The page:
Excuse the pop-culture “A-Team” allusion, but I love it when a plan comes together. The Valhalla Private Capital ASEAN Capital Fund has made first close of our CAD $25-million fund, and we have completed our first investment in a thriving, hyper-growth enterprise in Vietnam. Probably most exciting for me (and my Valhalla partners) was the coinvesting between Canadian and Asian investors (a primary objective of our emerging market strategy). We have successfully deployed the Valhalla model in Southeast Asia and our team is proud delivering on these early KPIs.
We love building and facilitating networks and ecosystems. The sum really is greater than the simple combination of the parts, because it is in working to build these networks and ecosystems that we have been able to see a very high caliber deal flow and meet some great entrepreneurs.
In that spirit I want to share some learnings from the process of establishing this fund.
I’ll start by saying I’m lucky to work with my fellow Managing Partners Jan Lederman and Glenn Yuen. The first, and perhaps most obvious learning I want to share is to be part of a smart, motivated team and be with people that author a shared vision. I’m certain Jan and Glenn will echo this sentiment.
BOOTS ON THE GROUND:
Valhalla’s history in the region extends back to 2016. Luke Krueger and I delivered the Valhalla Basecamp program in Myanmar, Nepal, and Vietnam as far back as 2016 through The Seed Global, an organization we created years ago with a social and philanthropic mandate to help kick-start startup ecosystems in developing economies.
These are the roots of our “overnight success”, the social agenda got replaced by the realization that just doing good deals would help change ecosystems. Luke had always said our early success was because of our “boots on the ground” approach, and the current ASEAN Fund builds on the need to be in the region as often as possible. Jan, Glenn, and I have spent a lot of time on the ground in Southeast Asia meeting with governments, investors, innovators, and academics in 24 months prior to initiating the Fund. We worked tirelessly to build relationships and understand the dynamics of the various markets in Southeast Asia. We continue to marvel at the rich innovation culture in the region overlaid with the hyper-growth market potential for that innovation.
Today, Glenn is in the process of relocating his family to Singapore in support of the Fund and our growth aspirations. These permanent boots on the ground are a clear demonstration to our local partners that we are truly invested in them and our mutual success.
CUPS OF TEA:
We believe that enduring success can only come from building authentic relationships. Taking the time to truly get to know our partners and exploring relationships beyond business can be the most rewarding part of the process. It takes many cups of tea over many meetings to create important relationships and it is anything but a paint-by-numbers exercise. Firstly, we’re convinced that the Silicon Valley model replicated in regions doesn’t work without building the relationships first. Secondly, not all deals are the next Google, but we are looking for them. The venture / venture debt capital space can too easily get reduced to term sheets and due diligence but, at the end of the day, Valhalla invests in people and ideas. What better way to develop shared understanding than by sharing cups of tea?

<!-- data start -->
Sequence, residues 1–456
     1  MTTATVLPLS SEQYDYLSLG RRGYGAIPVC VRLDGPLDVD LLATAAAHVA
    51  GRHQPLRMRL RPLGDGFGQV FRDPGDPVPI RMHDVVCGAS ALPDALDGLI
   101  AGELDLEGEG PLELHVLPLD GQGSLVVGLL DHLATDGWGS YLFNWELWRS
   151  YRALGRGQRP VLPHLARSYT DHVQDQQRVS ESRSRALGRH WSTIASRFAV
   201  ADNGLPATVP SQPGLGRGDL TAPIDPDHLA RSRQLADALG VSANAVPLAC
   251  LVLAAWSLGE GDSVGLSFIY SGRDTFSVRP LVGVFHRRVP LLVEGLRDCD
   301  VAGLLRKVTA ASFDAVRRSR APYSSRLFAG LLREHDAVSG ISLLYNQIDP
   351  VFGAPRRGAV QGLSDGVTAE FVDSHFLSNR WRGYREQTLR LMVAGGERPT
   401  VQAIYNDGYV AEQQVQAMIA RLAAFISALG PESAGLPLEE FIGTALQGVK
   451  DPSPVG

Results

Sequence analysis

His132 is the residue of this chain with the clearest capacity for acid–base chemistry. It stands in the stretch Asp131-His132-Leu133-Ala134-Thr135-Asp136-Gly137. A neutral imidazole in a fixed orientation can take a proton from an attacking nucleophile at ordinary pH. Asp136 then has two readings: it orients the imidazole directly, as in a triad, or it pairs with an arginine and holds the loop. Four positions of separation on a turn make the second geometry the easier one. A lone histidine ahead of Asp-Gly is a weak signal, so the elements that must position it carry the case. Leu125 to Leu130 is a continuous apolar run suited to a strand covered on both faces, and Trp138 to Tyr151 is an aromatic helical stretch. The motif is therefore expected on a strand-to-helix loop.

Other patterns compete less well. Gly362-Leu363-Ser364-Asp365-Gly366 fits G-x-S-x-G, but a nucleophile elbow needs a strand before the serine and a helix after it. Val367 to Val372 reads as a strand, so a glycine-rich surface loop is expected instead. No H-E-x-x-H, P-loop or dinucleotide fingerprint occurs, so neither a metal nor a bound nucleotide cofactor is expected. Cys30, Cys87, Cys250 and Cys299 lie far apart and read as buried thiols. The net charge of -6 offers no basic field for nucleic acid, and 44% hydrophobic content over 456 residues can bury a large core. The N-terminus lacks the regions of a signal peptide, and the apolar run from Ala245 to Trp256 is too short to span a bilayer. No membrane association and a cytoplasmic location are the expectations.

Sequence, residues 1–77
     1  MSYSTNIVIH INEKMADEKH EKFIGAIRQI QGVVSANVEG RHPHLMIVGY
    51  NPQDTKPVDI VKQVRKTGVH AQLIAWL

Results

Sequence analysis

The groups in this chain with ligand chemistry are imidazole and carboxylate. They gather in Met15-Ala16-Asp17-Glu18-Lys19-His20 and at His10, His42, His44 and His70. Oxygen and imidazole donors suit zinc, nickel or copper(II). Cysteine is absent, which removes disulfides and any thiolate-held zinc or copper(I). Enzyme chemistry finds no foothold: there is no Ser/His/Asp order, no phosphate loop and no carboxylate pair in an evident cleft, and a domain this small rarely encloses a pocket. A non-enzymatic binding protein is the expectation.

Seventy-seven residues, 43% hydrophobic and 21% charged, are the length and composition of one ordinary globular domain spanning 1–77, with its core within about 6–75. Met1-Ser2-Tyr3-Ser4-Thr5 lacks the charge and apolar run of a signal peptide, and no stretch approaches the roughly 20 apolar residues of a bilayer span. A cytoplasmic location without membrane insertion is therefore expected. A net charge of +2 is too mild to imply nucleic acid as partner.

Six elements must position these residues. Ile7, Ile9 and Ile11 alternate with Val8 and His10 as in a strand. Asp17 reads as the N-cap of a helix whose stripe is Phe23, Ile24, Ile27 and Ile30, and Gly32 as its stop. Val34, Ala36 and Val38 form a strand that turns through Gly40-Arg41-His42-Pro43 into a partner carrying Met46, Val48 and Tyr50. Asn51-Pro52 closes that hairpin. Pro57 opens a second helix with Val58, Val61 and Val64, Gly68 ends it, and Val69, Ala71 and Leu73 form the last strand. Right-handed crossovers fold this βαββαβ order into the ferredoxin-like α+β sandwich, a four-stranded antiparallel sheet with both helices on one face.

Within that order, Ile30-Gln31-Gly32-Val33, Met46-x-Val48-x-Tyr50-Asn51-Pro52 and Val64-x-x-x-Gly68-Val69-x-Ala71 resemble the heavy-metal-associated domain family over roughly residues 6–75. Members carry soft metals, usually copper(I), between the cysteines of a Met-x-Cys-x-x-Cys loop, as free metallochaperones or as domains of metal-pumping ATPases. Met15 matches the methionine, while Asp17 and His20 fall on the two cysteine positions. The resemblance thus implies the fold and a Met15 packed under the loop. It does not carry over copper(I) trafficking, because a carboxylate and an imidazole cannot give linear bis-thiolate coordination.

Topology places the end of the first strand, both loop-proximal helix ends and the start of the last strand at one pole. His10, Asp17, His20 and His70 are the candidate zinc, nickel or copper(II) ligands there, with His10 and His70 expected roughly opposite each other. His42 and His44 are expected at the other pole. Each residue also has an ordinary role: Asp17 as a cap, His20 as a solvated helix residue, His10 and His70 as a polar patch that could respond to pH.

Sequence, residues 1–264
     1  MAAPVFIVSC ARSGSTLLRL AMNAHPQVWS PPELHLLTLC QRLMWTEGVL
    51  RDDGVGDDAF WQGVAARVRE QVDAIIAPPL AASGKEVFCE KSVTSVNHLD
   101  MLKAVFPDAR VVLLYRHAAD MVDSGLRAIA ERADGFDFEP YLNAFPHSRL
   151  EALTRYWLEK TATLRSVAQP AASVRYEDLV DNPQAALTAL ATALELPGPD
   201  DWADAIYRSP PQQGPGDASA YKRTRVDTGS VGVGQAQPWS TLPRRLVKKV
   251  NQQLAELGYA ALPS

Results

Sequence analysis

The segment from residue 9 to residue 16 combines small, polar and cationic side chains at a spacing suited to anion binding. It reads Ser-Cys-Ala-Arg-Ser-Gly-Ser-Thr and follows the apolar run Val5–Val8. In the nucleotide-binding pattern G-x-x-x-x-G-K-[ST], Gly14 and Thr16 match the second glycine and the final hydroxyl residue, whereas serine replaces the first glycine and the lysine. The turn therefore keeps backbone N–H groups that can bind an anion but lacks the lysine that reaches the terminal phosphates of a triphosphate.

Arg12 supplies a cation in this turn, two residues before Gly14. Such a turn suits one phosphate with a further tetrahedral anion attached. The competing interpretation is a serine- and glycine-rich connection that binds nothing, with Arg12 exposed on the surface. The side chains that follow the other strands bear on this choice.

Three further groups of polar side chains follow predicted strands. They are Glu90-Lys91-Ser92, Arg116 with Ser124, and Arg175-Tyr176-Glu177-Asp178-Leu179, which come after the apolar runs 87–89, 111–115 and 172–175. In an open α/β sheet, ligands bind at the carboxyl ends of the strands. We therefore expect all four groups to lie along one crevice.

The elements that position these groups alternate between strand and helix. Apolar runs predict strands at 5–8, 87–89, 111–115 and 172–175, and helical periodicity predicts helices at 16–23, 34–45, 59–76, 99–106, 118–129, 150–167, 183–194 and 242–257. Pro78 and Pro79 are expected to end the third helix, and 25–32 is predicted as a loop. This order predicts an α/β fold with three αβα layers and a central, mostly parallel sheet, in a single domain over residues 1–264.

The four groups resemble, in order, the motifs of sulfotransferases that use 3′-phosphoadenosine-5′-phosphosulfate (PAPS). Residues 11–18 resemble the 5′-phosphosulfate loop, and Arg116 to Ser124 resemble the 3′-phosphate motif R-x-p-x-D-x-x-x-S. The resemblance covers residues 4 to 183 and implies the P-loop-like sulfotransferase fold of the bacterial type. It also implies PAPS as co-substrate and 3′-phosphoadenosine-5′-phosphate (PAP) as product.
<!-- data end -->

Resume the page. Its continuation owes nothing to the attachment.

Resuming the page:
WALK THE TALK:
Life in places like Ho Chi Minh City can seem chaotic to the uninitiated but it is the underlying structure, the ability to rely on others, that makes it work. In this respect Valhalla further bolsters trust by ensuring we speak the hard truths when required in a respectful way. When an idea doesn’t fit our model or isn’t mature enough for capital, we take the time to provide honest feedback.
These commitments to being present, to forging real relationships, and to demonstrating we will keep our word take time and energy. There are others who take a more transactional approach and can find one-off successes. That, however, is not the Valhalla model. We willingly invest our time and energy along with our expertise and capital in growing networks and ecosystems along with thriving enterprises.
The Fund’s first investment, in Vietnam-based 411 Bike Repair, is a perfect illustration of the kinds of companies Valhalla wants to support. Based in Ho Chi Minh City, 411 Bike Repair is a fast-growing chain of motorbike repair shops with aspirations to expand across Vietnam and, ultimately, across Southeast Asia. There are more than 45 million motorbikes in Vietnam (second only to Taiwan in per capita density) as a primary mode of transportation. Bike repair is a fragmented marketplace of independent dealers who only do replacements and micro-businesses where the owner is the only mechanic.
411 Bike Repair, led by Founder and CEO Ms. Nguyen Huynh Van Vy, a dynamic entrepreneur who has already built one successful business in the construction industry, provides consistent and reliable options in this dramatically underserved space. In the six-months since we invested, Ms. Vy has seen her enterprise grow 35 per cent month-on-month. She has opened six new locations in Ho Chi Minh City and has plans for eight more shops imminently. We love stories like this, and we have a line on a few more of these great opportunities
Watch this space for more ASEAN Fund success stories.
R Stewart (Randy) Thompson
Top Left: Randy Thompson & Luke Krueger in Veitnam, 2018
Top Right: 11 Bike Repair, Vietnam-2019
Centre: Randy Thompson, Jan Ledarman and Glenn Yuen, Vietnam-2019
Bottom Left: Duy presented hockey jersey by Jan Lederman
Bottom Right: Vy, Founder 411 with Jan Lederman